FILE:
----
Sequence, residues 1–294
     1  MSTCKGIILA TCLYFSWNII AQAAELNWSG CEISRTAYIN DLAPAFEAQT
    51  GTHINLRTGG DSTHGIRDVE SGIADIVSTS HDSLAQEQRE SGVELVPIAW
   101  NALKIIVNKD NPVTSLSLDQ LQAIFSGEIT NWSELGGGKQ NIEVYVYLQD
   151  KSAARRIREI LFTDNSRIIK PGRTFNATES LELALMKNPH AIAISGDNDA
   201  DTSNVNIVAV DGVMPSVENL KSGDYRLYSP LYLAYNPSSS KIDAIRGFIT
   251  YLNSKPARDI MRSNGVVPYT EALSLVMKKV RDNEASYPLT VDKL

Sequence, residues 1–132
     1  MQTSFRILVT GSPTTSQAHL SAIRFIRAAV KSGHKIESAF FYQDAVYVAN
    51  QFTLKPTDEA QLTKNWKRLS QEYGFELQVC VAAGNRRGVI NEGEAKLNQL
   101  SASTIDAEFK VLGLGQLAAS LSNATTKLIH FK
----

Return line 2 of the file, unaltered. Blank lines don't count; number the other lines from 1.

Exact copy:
     1  MSTCKGIILA TCLYFSWNII AQAAELNWSG CEISRTAYIN DLAPAFEAQT